There are a lot of dangers. We have avalanches. We have the dangers of the Arctic blizzards which are, in many ways, the most fearsome. Many people freeze to death every year who travel in those countries. No one has ever frozen to death in the race, but this happens typically with the local people, so we know that it is extremely dangerous. The open water is perhaps the thing we fear the most, or the thin ice. In 1984 I can tell a story of being ten miles away from a checkpoint village, an Eskimo village of Shaktoolik. I traveling on some salt water ice, and I was quite a ways off land. And all of a sudden I realized that the ice was billowing around me. And so, just as I realized how dangerous it was, I gave the dogs the command to turn towards land, just as my sled broke through. So I went under, broke through, the successive dogs right in front of the sled broke through because of the weight of my sled. But the lead dogs and a couple pairs behind them were able to stay up on the hard ice and slowly but surely pull the rest of us out. It was probably about 30 below, and there is not one blade of grass out there. There is nothing to start a fire with to warm us up or dry us off.
I was traveling alone at night in the lead of the race and ran into an obviously crazed moose. She was starving to death. There was something wrong with her. She was just skin and bones. And rather than run away, she turned to charge the team. I thought she would just run through me. I stopped the team, threw the sled over. She had plenty of room to pass us along the trail. She came into the team and stopped. She just started stomping and kicking the dogs. She charged at me. For 20 minutes, I held her off with my ax and with my parka, waving it in her face. And finally, another musher came along and we shot her, but not before she had killed two of my dogs, and she injured 13 others, leaving me to scratch from the race. She bruised my shoulder. We spent the next two weeks at a veterinary hospital, saving the lives of the injured dogs. So these things are possible, but this is very atypical. Mostly, the moose will cause little trouble. But these are some of the dangers that we have to be prepared for.
That is definitely the worst thing, as far as that it ended with tragedy. However my close calls, my encounters with open water, have been muchmore severe and have been much closer to death for me and/or the team than this was. For the full team this one ended very tragically. But I've got to say, I'm a lot more scared of open water than I am of moose today.
You've told a story on occasion about a time when a dog disobeyed your order and it saved your life. Is that true?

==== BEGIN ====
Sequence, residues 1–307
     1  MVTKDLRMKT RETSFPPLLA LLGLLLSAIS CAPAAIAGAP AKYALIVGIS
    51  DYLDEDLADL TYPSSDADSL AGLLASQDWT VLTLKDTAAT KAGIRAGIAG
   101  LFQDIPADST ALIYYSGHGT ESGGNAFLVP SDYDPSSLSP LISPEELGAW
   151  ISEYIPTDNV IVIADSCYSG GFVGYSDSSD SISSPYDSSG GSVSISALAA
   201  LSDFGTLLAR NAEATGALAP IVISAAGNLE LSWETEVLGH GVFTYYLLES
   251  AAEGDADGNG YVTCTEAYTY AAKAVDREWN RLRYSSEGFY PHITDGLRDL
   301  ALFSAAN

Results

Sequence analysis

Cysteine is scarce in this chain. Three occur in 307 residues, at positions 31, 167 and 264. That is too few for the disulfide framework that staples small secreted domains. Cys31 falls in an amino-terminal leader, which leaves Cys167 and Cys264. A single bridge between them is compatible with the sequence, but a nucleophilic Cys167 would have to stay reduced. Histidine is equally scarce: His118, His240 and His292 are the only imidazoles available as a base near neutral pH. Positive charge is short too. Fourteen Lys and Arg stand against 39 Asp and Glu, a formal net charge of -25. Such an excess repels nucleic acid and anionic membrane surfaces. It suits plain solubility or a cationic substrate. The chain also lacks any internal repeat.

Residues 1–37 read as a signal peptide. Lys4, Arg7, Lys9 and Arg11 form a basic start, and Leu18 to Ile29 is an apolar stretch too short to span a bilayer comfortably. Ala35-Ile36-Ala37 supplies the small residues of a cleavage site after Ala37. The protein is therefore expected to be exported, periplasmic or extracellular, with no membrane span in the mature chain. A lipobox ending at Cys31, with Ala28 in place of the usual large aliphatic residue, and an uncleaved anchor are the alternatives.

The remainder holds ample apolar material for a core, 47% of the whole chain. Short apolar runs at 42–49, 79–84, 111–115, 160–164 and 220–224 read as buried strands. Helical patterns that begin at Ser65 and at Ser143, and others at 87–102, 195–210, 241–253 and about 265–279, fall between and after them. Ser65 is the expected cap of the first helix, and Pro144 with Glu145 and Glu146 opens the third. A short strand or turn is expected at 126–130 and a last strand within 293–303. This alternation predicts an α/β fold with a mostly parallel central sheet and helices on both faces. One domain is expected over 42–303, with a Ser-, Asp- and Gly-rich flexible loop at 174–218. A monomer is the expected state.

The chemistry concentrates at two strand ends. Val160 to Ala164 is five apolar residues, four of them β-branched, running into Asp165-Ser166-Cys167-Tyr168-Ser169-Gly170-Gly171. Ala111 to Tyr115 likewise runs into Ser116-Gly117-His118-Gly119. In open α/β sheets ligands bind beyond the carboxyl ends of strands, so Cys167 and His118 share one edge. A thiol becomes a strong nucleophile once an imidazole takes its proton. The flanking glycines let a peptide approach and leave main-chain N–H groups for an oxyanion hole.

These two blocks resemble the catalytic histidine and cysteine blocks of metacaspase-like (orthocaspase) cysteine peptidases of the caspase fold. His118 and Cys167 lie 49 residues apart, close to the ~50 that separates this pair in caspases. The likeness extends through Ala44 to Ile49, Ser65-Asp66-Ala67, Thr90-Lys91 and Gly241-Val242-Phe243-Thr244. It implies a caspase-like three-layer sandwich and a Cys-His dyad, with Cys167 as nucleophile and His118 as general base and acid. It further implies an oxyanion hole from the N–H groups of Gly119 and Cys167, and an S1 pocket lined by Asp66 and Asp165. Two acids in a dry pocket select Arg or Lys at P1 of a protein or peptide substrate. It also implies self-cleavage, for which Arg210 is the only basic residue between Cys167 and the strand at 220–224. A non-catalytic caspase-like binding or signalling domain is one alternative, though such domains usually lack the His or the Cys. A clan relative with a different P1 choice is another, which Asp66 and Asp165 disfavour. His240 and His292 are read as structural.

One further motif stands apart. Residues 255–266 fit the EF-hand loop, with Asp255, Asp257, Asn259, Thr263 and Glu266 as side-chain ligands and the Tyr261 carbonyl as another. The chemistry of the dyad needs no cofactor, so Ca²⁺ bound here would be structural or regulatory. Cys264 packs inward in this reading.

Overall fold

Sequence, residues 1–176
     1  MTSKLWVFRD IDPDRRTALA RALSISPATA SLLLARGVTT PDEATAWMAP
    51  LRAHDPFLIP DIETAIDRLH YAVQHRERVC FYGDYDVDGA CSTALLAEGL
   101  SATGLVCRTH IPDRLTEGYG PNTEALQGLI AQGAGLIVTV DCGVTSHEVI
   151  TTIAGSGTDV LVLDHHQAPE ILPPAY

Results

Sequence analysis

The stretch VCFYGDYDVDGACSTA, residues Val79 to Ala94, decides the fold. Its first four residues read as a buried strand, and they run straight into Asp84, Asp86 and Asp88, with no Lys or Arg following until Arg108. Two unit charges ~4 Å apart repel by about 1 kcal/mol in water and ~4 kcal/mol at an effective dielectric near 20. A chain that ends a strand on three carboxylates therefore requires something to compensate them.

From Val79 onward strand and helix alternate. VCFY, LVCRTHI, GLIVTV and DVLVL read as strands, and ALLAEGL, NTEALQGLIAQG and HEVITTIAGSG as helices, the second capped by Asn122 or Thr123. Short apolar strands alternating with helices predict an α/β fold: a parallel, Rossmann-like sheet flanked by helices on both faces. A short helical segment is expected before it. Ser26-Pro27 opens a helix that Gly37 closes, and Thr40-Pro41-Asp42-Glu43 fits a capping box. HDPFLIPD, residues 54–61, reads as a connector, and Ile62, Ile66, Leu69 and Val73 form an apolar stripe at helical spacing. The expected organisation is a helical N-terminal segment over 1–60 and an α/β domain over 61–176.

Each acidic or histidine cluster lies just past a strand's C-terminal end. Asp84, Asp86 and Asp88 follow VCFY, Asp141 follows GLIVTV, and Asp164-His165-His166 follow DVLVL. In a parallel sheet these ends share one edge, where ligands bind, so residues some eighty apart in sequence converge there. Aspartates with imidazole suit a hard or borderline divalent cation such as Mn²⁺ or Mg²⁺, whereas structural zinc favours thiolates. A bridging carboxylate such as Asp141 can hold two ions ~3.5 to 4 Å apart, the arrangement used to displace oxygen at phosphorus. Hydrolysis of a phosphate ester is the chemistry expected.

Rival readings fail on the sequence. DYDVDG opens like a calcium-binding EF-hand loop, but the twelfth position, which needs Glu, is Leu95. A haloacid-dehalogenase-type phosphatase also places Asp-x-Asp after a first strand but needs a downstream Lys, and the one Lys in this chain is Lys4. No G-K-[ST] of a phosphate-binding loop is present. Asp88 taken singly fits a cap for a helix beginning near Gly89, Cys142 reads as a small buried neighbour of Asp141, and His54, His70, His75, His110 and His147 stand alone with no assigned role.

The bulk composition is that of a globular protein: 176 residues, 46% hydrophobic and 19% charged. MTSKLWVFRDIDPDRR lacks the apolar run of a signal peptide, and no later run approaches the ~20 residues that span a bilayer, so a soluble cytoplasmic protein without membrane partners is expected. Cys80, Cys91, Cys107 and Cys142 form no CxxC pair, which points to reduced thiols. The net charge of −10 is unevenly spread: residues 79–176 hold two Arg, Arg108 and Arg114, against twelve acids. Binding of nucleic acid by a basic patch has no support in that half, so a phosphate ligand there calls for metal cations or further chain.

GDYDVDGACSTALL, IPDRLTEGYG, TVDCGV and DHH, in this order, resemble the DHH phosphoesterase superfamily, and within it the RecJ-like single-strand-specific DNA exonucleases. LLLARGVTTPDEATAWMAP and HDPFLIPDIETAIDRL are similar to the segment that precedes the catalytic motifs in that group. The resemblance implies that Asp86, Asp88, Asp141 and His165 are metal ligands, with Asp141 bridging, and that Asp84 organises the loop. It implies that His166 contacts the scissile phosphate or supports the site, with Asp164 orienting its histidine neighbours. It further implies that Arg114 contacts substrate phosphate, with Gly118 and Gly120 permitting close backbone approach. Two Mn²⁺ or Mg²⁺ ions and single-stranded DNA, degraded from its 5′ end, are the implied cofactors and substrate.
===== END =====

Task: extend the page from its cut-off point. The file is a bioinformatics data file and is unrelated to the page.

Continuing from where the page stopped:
The most important thing that I believe my job is, is to train my dogs to have a "trust-and-be-trusted" relationship. This starts with me working with the puppies, training them to always trust that I will never ask them to go any further or faster than they are capable of; and yet, everyday, in some way, I will challenge them perhaps to go a little bit farther than they know they are capable of doing. However, if they show me they are not capable of something, I'm there to comfort and praise them, to give them whatever they need. If they do accomplish it, I'm there to praise them. I do this sometimes by just letting the puppies run loose, and sometimes the dog team. That trust is fairly easy to give to them. The other side of it is that I need to trust in them, trust that they are smarter in the wilderness than I am. I will many times have to depend on their lives, and my life, in their knowledge. And one of the first ways I found this out was after just two years of living in Alaska. I was traveling on a trail I had been using all winter long which crossed a frozen river, and my lead dog, Teckla at the time, took off to the right. I told her to go back on to the trail. She took off to the right again. This dog never disobeyed me, and I could not understand why she was trying to do it. So I finally gave her her head, she pulled the team off to the side just as the trail collapsed into the river, and we all would have drowned. So she had a sixth sense that saved our lives.
It's mutual trust. Theirs in my guidance, and mine in their ability and instincts, in the wilderness, that has saved our lives many times.
Has the thought ever crossed your mind, out there, during the toughest part of any of these races, that you just want to give up, just quit?